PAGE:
Your musical journey and free will gas youtube

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You could say I begin this thread with an assumption rather than a theory, but I will explain. There are cultural constraints, socioeconomic limitations, education, etc. that effect literally everything we believe and know. When most people talk about how they discovered classical, it’s often along the lines of When I was young electricity prices over time, my mom and/or dad would listen to it, or I had friend that loved it or I happened to watch this movie where I really liked the soundtrack, and 1940 gas station photos it all started from there, etc etc. So someone you know, or some outside circumstance exposed you to music when you were in an open-minded state, or brought you to the music that you liked, without your permission. Sure, maybe it was your free will to watch the movie, but did you know beforehand that the music would move you so?

Perhaps you had none of those experiences. You literally just woke up one morning and said out of the blue, I’m going to listen to classical today! and you went online to look for recommendations, maybe coming here. Well, where did you get your recommendations? What came up first in the search engine? Which immediately caught your eye? Could you control these factors, or make electricity use in the us a rational decision not based on the whim of it met my eye first on the Amazon recommended classical playlist.

Think of it the way people talk about religion these days. Maybe you ultimately liked classical because your parents did, that their influence on you ultimately changed your life. It doesn electricity related words’t stop with them too. Your grandparents, great grandparents, your city, your country, your generation, etc. Do you think if you were exposed to different music, you would have had different tastes ultimately? I’d say it’s more than likely. Why would music be any j gastroenterol different than other things?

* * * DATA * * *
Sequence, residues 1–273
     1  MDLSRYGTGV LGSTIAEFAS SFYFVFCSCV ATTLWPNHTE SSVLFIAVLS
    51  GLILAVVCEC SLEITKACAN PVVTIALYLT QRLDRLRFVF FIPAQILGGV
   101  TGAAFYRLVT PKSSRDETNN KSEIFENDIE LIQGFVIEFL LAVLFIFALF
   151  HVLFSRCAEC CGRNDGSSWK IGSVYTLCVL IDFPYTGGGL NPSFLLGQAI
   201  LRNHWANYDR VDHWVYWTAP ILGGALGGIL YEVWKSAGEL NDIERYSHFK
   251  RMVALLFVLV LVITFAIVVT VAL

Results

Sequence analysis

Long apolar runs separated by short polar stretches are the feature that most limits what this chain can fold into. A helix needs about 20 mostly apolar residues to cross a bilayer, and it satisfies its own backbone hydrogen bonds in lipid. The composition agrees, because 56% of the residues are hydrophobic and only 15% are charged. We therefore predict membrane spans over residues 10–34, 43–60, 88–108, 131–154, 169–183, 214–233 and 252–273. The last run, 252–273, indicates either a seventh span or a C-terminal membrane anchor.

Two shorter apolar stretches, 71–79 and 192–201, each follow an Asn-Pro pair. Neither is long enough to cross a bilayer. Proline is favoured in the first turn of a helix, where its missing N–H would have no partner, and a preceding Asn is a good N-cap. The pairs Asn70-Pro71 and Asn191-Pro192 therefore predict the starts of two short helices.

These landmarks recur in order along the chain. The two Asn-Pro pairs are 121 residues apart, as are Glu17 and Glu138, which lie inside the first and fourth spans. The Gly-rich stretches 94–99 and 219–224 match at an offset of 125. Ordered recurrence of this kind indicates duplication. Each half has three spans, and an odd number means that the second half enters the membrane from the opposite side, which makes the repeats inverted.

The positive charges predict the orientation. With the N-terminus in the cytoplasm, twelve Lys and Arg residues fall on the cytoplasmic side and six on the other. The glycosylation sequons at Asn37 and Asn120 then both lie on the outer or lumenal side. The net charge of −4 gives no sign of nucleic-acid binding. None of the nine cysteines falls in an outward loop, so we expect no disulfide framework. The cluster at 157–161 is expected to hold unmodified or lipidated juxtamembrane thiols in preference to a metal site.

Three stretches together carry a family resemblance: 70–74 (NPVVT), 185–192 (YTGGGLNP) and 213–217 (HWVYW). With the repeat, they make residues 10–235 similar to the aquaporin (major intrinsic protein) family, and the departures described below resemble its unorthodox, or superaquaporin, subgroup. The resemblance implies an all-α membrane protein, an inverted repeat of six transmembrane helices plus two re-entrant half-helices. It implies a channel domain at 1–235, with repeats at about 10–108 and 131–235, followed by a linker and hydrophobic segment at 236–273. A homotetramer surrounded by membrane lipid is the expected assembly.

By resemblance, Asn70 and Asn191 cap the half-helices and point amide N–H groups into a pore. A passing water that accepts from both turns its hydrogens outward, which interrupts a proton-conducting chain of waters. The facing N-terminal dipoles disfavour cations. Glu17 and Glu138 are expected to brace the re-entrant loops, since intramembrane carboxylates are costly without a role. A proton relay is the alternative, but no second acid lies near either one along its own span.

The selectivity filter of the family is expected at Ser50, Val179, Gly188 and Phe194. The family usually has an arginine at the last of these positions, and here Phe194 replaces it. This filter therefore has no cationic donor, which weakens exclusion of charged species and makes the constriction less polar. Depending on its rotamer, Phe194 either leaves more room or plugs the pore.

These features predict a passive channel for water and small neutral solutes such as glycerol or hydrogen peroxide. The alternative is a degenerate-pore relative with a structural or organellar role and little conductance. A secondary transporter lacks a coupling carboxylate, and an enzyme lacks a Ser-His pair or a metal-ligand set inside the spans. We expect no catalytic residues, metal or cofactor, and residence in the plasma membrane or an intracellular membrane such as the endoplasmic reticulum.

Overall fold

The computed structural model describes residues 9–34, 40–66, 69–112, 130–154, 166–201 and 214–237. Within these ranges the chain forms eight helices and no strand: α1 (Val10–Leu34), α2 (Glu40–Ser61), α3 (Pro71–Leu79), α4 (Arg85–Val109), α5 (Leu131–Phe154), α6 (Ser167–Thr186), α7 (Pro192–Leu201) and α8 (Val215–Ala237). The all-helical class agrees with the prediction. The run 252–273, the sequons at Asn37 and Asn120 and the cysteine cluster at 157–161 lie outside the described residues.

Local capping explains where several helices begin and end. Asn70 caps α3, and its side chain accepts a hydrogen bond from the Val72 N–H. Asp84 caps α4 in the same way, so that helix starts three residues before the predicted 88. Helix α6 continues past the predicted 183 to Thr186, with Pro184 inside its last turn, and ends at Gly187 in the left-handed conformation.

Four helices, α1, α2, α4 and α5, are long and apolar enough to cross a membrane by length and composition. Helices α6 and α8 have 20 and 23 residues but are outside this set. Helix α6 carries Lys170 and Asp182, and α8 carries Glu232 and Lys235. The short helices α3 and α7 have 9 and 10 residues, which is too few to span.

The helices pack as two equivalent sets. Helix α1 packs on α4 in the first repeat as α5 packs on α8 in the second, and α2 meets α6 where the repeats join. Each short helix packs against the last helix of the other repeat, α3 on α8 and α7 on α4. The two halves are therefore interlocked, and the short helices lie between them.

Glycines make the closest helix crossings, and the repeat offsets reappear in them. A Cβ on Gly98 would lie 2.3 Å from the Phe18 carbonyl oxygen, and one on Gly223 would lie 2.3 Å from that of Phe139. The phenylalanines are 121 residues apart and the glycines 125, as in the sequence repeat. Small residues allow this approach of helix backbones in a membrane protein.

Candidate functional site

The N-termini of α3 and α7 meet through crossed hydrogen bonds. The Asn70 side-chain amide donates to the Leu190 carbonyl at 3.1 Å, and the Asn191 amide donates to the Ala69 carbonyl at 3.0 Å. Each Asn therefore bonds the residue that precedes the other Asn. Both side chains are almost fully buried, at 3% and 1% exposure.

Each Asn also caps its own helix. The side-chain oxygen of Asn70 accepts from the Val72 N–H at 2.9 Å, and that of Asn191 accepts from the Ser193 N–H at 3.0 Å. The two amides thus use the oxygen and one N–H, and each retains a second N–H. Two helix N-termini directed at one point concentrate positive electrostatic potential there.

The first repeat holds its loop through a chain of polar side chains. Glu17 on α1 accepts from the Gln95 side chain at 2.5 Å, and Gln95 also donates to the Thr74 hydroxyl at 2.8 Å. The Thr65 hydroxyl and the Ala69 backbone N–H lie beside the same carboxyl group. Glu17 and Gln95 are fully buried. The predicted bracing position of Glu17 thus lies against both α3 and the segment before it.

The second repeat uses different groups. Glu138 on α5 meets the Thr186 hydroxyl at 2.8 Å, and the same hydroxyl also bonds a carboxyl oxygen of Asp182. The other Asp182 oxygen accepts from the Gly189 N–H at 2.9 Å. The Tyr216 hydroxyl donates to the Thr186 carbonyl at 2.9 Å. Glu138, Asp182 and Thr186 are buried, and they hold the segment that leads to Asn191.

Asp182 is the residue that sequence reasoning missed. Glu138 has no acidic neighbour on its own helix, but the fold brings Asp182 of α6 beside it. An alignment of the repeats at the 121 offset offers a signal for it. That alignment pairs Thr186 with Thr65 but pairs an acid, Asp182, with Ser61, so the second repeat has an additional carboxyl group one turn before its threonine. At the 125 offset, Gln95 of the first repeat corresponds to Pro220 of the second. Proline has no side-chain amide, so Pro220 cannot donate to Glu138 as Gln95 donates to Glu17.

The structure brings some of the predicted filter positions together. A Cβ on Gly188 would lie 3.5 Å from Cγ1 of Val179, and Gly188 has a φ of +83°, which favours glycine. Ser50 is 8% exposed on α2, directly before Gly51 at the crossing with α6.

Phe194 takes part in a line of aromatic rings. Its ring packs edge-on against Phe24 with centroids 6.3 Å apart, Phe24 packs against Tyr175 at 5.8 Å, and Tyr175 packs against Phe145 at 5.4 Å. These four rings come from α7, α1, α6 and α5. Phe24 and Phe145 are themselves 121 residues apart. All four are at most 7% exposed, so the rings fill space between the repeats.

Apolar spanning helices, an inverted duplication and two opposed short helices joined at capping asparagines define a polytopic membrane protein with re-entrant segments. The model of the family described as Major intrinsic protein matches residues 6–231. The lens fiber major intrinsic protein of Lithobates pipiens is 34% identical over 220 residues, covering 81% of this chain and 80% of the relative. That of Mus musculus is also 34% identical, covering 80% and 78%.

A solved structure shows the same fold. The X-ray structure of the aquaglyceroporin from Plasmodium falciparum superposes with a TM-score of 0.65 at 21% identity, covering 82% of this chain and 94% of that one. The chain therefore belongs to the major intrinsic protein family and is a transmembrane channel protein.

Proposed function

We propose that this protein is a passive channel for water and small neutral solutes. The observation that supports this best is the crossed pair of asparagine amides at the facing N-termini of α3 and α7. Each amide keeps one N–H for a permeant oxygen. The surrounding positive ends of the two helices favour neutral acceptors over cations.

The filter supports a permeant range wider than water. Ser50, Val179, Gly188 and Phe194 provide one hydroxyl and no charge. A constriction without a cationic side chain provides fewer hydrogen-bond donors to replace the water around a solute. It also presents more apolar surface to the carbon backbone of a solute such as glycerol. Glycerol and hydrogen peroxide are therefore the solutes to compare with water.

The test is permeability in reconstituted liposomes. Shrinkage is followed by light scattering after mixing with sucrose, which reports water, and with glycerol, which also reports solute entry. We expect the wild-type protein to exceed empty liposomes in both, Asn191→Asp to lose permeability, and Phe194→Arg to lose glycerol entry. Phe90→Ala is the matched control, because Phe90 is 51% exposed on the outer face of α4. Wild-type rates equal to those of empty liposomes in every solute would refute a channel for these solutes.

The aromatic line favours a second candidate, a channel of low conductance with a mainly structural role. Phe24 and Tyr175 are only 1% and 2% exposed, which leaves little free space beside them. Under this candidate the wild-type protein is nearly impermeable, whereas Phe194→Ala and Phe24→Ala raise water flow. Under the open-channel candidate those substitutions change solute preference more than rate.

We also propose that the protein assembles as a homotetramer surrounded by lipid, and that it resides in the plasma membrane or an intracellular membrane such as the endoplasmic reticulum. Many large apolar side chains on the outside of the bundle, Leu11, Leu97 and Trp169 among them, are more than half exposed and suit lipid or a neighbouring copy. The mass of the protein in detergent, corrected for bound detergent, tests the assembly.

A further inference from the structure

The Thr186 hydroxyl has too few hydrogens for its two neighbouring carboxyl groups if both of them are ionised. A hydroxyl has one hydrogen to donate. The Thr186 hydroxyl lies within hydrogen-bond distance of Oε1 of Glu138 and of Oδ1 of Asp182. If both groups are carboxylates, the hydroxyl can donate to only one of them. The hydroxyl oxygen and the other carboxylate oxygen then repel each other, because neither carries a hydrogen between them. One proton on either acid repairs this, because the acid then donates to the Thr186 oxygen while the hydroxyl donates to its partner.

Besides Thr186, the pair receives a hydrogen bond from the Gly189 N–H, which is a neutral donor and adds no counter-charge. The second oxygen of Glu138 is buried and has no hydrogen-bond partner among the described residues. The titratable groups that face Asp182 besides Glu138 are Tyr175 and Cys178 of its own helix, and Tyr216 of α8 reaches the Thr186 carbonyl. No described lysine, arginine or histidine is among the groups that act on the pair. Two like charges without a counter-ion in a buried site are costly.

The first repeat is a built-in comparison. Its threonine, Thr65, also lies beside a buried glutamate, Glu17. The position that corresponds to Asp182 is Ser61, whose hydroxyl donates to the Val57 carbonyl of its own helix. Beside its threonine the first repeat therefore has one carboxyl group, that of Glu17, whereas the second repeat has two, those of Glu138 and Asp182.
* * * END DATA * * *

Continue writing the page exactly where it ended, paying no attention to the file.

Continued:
No, nobody introduced me to the music I love- nobody that I know in the real world, anyway. So if having very central, conventional taste is evidence of a lack of free will, my will must be very free indeed. (Whether this is in fact true is a question for minds more philosophically-inclined than mine is.) From the age of twelve or so I spent my pocket money and meagre babysitting earnings on junk shop 78s and hiring library cassettes. So much for ‘my mom and dad used to listen to that’- I went from my parents shouting ‘Turn that bloody racket off!’ to my son only today making a similar request, more politely worded at least. Until a couple of years ago I never thought in terms electricity transmission efficiency of genre at all : ‘classical’ sounds fusty and forbidding, and if you tell people you like opera they ask you whether you prefer Callas or Sutherland (the trained female voice electricity vampires being an acquired taste I’ve never managed to acquire completely) or assume you must be a massive fan of Puccini or Andrea Bocelli or something equally embarrassing. In fact, far from effortlessly appreciating all the popular stuff, I’ve pretty much instantly disliked everything we’re supposed to like (Beethoven, Karajan, the Three Tenors, Bruckner, verismo, women singers) and adored everything we’re supposed to look down on (grand opera, French music that isn’t Berlioz or Debussy, good old fashioned songs by the likes of Tosti or Donaudy or JB Faure) or the things we’re meant to be loftily indifferent to (pre-electric recordings). I always follow my instincts, and if other people occasionally like what I like it’s gratifying. If not, no big deal. Of course, relying on instinct could be evidence of a lack of free will, since the origins of our instincts are not clear to us and the urge to follow them is largely gas vs diesel truck involuntary…